The Gujarat Irrigation and Drainage Act 2013

The other piece in this puzzle is the infamous and now-put-on-hold Gujarat Irrigation and Drainage Act 2013, a draconian piece of legislation. The definition of canal in this new act is draconian; all water bodies, rain water nallas and even the roads to and from the canal shall be deemed as canal and all the provision of the Act are applicable for any breach of rule. Some provisions are very hard which prohibit villagers from taking fire wood, grass or grazing their cattle or using them as short cuts. In case of any breach, heavy penalty, up to Rs. 10,000/- and punishment up to 6 month may be imposed. According to the Act a farmer cannot install a borewell in his/her fields without license from government if it is within 200 meters boundary and even cannot deepen it without licence from the canal officer. The amount of water that can be drawn by a farmer would be decided by the government. Even the price of water used in the fields for irrigation would be fixed and government officials would have the authority to file cases against farmers who break the law. The farmers would also need to declare the details of wells and ponds in their fields. This would make farming and agriculture, already suffering from anti-farm sector policies, a herculean task and would deter farmers from pursuing agriculture.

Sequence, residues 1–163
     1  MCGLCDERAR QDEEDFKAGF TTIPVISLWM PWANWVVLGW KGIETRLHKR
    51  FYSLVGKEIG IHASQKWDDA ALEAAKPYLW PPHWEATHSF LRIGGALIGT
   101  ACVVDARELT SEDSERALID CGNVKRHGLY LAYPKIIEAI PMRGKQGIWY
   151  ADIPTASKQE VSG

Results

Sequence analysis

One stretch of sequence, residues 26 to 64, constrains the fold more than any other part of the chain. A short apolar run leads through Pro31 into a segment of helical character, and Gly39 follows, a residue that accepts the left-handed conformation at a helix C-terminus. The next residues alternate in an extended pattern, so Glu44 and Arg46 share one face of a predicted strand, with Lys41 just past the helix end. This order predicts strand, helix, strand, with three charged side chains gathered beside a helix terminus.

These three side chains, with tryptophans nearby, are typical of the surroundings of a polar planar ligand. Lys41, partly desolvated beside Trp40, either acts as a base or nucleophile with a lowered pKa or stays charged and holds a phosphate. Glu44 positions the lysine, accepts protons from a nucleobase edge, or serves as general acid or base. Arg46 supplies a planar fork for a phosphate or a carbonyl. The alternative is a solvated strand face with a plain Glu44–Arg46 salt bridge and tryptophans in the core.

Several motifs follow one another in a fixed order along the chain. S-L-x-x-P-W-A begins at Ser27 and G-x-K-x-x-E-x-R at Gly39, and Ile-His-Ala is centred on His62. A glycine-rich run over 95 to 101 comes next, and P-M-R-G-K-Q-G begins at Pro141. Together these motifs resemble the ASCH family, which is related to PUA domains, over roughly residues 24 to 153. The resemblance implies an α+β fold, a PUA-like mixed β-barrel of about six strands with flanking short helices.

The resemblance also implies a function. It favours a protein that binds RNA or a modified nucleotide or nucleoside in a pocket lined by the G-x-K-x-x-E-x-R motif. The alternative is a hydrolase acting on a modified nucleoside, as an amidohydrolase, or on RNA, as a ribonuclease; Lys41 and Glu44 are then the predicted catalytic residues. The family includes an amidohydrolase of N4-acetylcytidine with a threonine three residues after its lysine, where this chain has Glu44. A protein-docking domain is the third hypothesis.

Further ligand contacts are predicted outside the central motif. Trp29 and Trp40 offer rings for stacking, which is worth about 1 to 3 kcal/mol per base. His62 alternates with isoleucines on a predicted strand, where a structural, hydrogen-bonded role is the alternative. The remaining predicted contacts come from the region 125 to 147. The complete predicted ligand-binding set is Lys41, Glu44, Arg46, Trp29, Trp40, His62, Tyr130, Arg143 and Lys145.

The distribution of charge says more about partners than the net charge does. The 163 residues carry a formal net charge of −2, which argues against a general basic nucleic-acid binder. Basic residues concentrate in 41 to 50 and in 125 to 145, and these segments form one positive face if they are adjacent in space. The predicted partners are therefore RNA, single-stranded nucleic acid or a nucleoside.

Additionally, the provisions of this Act can be used to ‘fix’ any opposition to government policies, and thus stymie free speech and the right to dissent.

Land pooling / land acquisition – agriculture as a choice is not available